Police Commissioner William Bratton said Tuesday that New York law enforcement officers need more training on proper use of force. His remarks came less than a week after a New York man died while police officers tried to arrest him.
Eric Garner, an asthmatic father of six, died last Thursday on the streets of his home borough after police officers attempted to arrest him on suspicion that he was selling loose cigarettes. Bystanders caught the altercation on video, causing widespread outrage.
In the video, one of the officers can be seen wrapping his arm around Garner's throat. Garner can be heard repeatedly saying, "I can't breathe." He eventually stops struggling. A second video shows a number of paramedics neglecting to administer medical aid for Garner.
The pair of videos have stirred controversy, raising the question of whether the police officers and emergency medics involved are responsible for Garner's death. Daniel Pantaleo, the officer who wrapped his arm around Garner's neck, has been stripped of his gun and badge while the New York Police Department conducts an investigation. The fire department has suspended four ambulance medics while it determines whether they followed procedures.
A great deal of the controversy surrounding Garner's death has focused on the question of whether Pantaleo used a chokehold while attempting to subdue the arrestee. The NYPD use of force guidelines from 2013's NYPD Patrol Guide clearly state that chokeholds are strictly prohibited because they can kill suspects.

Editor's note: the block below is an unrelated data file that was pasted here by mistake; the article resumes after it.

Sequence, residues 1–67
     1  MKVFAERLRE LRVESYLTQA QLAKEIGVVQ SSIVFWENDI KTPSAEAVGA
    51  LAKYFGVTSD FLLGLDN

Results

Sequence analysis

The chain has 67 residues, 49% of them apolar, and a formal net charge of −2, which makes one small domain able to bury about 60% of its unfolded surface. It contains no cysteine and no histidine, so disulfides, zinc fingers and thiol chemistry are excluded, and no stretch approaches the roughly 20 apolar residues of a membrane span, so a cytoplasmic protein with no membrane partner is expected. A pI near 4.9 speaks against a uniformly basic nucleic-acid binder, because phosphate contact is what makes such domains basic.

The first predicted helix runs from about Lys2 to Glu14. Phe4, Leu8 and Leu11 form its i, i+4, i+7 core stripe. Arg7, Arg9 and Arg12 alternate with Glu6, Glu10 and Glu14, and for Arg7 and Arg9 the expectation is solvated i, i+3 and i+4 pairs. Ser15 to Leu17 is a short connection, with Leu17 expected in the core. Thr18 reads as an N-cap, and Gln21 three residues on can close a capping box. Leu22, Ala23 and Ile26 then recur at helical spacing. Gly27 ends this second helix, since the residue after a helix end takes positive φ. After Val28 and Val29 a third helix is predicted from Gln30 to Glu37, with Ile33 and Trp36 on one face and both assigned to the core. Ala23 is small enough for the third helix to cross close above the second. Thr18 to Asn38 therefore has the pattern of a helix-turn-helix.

"Members of the New York City Police Department will NOT use chokeholds," the guide reads. "A chokehold shall include, but is not limited to, any pressure to the throat or windpipe, which may prevent or hinder breathing or reduce intake of air."
Shortly after the video emerged, Mayor Bill de Blasio told reporters that Pantaleo's grip on Garner's throat "looked like a chokehold," but qualified by saying that he is not "an expert in law enforcement."
At Tuesday's press conference, Bratton said that he did not believe race had been an issue in Garner's death.
The commissioner also said that the city remains committed to the "broken windows" theory of policing.
The "broken windows" theory, which implies prosecuting minor crimes such as graffiti with a zero tolerance approach in hopes of preventing criminal behavior from escalating, has proven controversial since it was first proposed in the 1980s. Supporters credit it with a dramatic decrease in violent crime in the United States during that period, while detractors accuse it of being inherently racist.
Garner's arrest, stemming from suspicions that he was selling loose cigarettes, is in some ways representative of the theory.